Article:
Posts Tagged HPRB

Lost Anacostia: Big K Demolished

Big K, at the corner of Martin Luther King Jr. Avenue SE and Morris Road since 1906. (Old Anacostia)To make way for a pending $50 million dollar affordable housing development in Historic Anacostia, the former Big K Liquor store was razed this past weekend. Falling beyond the boundaries of the Historic District by mere inches, little could be done to save the building, which was more than one hundred and ten years old.

Here’s a look at its history and a short interview with a local resident speaking to his memories and feelings about the neighborhood remnant.

Grocery Store Origins

In 1905 James V. Conway, a merchant in Anacostia acquired a vacant lot at the corner of Nichols Avenue, today Martin Luther King Jr. Avenue, and Morris Road. The next year, Conway applied for a building permit to construct a two-story structure, a grocery store below and housing above, and a rear shed. For a number of years Conway and his family ran a business and lived on the property.Big K Original Building Permit - 4.4.1906 _ p. 3

In the mid 1920s the grocery store came under new management. Unfortunately, in April 1946 a tragic death befell the lot.

“The neighborhood at Nichols avenue and Morris street S.E. was piecing together the evidence which might explain the death yesterday of its popular grocer, Jacob Denenberg,” read the Evening Star on April 17th. For the past 21 years, Mr. Denenberg, described as “moustached and goateed,” had run a popular store. Across the street from the police station, officers “looked to him for their midnight lunches.” In and out foot traffic was constant. “Tales of neighborhood life were told in his store year after year, tales of birth, death and marriage. The store was a community place and the proprietor knew every one.”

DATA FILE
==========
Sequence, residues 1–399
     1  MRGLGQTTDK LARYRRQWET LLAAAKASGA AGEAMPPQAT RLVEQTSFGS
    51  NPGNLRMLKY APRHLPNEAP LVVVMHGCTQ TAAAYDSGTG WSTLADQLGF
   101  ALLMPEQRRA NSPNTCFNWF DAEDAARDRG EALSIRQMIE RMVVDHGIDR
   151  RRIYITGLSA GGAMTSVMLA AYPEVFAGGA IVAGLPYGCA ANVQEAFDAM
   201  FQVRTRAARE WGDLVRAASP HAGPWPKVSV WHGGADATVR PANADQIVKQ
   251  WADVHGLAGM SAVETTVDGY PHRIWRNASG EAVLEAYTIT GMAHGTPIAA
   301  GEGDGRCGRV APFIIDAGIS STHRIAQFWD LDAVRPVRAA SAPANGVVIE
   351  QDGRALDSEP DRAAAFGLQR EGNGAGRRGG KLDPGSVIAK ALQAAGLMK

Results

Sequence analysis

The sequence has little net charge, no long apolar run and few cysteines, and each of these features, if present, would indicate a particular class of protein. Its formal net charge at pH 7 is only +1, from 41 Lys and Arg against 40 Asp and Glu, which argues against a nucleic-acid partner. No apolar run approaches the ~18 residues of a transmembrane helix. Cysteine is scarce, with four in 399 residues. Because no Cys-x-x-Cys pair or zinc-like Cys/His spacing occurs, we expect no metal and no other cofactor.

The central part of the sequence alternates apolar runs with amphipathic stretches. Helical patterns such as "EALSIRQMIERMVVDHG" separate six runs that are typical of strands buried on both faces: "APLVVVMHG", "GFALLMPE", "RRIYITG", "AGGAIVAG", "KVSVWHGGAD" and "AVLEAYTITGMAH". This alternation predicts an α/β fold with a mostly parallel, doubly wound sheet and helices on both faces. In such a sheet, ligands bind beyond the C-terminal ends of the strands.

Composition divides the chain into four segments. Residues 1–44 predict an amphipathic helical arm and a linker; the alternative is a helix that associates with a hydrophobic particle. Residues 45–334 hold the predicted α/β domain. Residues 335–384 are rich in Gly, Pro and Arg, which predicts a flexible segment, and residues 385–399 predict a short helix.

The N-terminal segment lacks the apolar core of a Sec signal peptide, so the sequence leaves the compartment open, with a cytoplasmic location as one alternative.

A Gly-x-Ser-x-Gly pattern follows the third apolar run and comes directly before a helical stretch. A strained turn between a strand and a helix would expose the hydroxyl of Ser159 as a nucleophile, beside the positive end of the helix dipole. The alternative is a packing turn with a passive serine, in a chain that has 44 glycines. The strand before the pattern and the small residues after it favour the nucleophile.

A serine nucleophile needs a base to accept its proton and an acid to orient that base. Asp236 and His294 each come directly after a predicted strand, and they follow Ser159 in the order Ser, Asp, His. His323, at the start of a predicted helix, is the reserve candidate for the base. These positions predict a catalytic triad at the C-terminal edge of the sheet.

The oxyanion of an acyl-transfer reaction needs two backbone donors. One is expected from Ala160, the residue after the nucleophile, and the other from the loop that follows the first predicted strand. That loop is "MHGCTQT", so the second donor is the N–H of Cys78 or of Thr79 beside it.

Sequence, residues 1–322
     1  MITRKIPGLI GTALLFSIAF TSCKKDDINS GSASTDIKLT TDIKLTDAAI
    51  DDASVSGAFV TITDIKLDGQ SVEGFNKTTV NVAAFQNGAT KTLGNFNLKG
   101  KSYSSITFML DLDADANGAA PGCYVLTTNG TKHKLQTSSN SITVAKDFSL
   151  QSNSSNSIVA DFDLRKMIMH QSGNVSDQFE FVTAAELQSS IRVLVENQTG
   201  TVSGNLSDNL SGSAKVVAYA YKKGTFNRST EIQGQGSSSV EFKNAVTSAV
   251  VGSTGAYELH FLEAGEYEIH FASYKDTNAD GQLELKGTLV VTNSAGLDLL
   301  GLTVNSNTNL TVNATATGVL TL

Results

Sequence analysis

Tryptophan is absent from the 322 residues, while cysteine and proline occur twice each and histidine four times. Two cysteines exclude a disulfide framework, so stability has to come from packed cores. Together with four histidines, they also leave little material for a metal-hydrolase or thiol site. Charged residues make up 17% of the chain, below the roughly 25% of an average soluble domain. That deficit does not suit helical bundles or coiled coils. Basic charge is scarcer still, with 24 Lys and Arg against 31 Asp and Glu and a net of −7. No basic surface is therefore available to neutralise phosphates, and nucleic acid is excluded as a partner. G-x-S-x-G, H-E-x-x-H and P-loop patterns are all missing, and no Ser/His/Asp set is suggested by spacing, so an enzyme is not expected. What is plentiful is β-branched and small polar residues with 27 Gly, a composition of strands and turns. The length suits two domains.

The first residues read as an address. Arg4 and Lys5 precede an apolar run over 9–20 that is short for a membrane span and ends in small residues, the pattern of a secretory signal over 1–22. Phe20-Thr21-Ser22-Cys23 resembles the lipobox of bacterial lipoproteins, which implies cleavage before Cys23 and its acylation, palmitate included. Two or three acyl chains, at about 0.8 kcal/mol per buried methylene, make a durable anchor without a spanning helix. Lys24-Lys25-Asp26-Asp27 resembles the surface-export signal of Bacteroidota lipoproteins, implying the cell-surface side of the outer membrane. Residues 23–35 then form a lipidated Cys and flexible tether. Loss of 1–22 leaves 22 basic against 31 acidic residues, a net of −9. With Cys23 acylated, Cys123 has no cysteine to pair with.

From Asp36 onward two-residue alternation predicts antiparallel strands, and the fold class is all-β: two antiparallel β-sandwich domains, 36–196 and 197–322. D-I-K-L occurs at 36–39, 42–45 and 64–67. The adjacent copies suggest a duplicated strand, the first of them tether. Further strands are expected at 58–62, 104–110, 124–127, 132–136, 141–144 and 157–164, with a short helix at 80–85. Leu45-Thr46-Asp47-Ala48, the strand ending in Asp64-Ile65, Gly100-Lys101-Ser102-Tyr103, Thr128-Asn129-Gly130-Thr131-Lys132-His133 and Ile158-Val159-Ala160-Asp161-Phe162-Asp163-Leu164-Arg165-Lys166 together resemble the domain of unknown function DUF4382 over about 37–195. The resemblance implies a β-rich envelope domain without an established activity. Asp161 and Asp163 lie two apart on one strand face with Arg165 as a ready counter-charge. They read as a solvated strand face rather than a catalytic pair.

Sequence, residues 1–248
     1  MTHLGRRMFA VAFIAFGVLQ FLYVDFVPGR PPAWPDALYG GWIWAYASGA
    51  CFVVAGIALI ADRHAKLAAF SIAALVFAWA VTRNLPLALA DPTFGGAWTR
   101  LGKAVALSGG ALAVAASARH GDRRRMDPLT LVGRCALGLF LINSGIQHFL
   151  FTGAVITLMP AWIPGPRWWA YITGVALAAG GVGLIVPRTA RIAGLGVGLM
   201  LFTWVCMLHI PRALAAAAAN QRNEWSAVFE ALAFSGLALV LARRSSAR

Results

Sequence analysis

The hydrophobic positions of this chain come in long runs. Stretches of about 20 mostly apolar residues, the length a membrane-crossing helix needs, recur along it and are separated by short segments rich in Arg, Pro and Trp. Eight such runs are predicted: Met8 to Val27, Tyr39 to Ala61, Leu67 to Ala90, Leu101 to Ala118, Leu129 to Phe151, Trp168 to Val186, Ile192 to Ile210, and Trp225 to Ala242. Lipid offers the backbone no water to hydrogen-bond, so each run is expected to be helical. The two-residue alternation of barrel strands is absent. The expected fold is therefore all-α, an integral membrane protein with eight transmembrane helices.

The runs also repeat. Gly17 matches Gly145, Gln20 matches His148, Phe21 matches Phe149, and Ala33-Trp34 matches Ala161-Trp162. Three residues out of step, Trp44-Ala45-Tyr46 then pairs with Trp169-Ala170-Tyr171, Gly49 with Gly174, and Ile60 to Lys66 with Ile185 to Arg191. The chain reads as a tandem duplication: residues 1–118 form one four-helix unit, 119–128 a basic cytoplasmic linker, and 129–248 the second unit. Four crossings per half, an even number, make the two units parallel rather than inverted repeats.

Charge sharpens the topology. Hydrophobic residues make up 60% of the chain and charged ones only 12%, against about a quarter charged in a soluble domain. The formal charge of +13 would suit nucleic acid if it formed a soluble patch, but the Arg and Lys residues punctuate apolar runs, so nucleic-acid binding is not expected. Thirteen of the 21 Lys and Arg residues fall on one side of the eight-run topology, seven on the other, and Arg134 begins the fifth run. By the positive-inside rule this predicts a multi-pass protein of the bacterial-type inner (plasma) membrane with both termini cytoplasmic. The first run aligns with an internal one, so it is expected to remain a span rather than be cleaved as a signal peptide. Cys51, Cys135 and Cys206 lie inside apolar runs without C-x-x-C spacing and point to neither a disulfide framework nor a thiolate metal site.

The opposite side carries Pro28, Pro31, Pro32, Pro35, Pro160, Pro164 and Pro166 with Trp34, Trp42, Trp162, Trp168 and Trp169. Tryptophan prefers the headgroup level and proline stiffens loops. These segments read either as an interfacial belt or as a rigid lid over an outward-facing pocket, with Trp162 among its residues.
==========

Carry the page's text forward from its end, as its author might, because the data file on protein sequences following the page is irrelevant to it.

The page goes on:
A month before Denenberg had sold his store. He erected a sign letting locals know the grocery would be torn down and a theater erected in its place. There was comfort knowing Denenberg planned to find a nearby building and re-open. However, “inquiries within recent days brought from Mr. Denenberg the opinion that good locations were hard to find.” He was reportedly in bad spirits, thinking he had sold too low, and “was seen leaving a hardware store with a length of window sash rope in his hand.” Shortly thereafter, “his wife found her husband’s body hanging by a rope from a bannister on the first floor of the store building.” He was 50 years old.

For an unknown reason the theater never came. Later that fall, Baby’s Butler Service opened. The short-lived business took out a large newspaper ad promising, “Leading Brand Baby Food and Supplies Delivered Right to Your Door … Once Each Week!” Before the close of the decade the property was once again a market.

Beginning of Big K

On September 30, 1964, Isadore and Gertrude Kushner, applied for a licence from the D.C. Alcoholic Beverage Control Board to operate a wine and liquor store at 2252 Nichols Avenue. The Kushners were a family known in the area, one of their sons was a star football player at Anacostia High School that year.

Evening Star_ 09-26-1964 _ p.14 _ Mark Kushner-page-001

Evening Star, September 26, 1964, p. 14

The Big K Liquor Store was born and for more than sixty years would be a neighborhood feature. It is unclear when the brick wall facing lower Martin Luther King Jr. SE was christened with the dominating “BIG K” mural. Anecdotal evidence suggest it appeared in the mid 1960s.

Upon opening, the Kushners regularly advertised for full and part-time help in the local papers. They ran a delivery service and when new products were released, they participated in city-wide releases. For example, in  June 1969, Big K was one of the nearly 100 liquor stores serving as the official depot for the sale of “Rebel Yell Southern Sour Mash Bourbon.”